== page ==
Saudi Arabia’s Capital Market Authority (CMA) Chairman, Mohammed bin Abdulmalik Al-Sheikh, said they are working on the final stages of a regulatory framework which will give opportunity to foreigners to own stocks in the kingdom.
The move is geared towards luring foreign investment for the technical expertise and human capacity. According to the chairman, the market doesn’t need liquidity from international investors. The plan to promote direct foreign investment is part of collaboration between several government departments and the Capital Market Authority. The framework will be inciting to institutional investment in the market by diversifying investment instruments and funds, including tadawul, sukuk and other debt tools. For the moment, foreign investors can only enter the market through deals involving international investment banks, and via a small number of exchange-traded funds.
Experts believe that the move will help deepen the stock market and make it more transparent. The Saudi Arabian market is of great interest to investors because it’s the largest regional exchange in the Middle East. It is expected that the entry of renowned institutional investors in to the market will lead to Saudi equities being included in widely followed emerging markets indices. The framework is expected to be accompanied with strict monitoring and tough rules in order to establish an efficient and well-regulated market. Asim Bukhtiar, head of research at Riyadh Capital, said speculation “will always exist” although the framework wants to limit “high levels of speculation.” Mr. Bukhtiar added that “long-term investors will provide the stability that the regulator desires.”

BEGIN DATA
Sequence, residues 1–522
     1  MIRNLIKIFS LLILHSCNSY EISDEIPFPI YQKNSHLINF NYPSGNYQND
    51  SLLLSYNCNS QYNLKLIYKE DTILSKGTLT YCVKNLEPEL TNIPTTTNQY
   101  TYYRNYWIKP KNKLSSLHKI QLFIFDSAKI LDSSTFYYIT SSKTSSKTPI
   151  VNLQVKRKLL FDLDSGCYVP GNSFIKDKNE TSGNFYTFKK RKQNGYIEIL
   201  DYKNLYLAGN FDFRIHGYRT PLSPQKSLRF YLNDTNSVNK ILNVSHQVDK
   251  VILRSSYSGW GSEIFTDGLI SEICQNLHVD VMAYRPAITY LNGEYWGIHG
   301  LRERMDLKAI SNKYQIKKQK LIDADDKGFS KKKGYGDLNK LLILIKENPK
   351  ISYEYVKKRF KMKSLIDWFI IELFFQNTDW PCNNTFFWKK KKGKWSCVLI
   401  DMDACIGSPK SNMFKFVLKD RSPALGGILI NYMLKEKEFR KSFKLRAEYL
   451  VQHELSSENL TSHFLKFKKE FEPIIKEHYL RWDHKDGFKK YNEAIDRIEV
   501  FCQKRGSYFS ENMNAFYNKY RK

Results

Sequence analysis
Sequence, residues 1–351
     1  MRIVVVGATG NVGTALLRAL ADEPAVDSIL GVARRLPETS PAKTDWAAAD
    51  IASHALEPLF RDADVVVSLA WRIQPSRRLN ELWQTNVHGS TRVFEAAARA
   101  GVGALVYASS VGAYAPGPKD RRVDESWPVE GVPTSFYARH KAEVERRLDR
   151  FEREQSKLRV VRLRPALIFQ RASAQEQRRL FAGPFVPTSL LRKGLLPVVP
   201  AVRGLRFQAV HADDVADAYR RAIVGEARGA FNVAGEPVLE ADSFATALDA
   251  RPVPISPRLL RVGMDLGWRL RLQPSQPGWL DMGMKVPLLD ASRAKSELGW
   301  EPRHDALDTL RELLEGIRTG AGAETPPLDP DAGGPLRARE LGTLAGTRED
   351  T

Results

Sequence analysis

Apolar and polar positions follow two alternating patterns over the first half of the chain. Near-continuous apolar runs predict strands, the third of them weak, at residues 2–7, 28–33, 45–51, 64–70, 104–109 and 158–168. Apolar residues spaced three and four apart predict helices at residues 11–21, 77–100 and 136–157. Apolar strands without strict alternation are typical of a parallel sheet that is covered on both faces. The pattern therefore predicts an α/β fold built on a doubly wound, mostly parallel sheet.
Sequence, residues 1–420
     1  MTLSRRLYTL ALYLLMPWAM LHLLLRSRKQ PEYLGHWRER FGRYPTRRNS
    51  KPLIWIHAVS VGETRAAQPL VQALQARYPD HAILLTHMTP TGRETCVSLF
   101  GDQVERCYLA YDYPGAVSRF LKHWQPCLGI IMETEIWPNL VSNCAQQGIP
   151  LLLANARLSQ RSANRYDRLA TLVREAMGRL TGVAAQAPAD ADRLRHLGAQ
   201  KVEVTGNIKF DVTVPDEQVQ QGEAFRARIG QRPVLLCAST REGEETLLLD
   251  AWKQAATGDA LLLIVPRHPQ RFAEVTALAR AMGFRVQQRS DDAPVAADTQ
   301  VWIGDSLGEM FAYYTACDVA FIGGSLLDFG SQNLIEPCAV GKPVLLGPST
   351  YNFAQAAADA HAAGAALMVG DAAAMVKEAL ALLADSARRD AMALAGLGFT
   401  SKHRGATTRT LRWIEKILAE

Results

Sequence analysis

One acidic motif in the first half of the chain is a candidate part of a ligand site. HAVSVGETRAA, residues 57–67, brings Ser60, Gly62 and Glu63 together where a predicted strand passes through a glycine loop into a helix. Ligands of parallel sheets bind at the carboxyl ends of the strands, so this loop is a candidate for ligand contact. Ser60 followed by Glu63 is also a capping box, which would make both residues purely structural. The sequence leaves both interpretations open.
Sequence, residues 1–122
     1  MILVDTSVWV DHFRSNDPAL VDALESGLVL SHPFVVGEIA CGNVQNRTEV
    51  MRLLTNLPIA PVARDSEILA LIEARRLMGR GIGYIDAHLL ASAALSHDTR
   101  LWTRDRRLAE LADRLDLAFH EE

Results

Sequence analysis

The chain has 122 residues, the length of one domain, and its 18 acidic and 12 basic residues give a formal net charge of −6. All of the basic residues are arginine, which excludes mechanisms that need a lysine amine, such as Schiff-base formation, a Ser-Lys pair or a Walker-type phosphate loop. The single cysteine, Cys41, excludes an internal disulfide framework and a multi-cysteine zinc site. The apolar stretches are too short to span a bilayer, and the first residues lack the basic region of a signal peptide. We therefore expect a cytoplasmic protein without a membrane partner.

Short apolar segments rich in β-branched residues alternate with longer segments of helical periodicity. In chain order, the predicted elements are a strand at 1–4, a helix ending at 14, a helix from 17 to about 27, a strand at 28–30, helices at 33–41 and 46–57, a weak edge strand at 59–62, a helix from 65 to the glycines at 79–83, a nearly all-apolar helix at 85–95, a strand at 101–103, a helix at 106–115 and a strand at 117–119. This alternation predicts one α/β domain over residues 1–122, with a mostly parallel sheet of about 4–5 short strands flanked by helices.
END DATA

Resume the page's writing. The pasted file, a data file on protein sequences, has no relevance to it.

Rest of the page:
There have been expectations in the past by banks such as Deutsche Bank, AG and HSBC that the Saudi Arabian market could be accessible to foreign investors as early as next year due to rising demand for assets.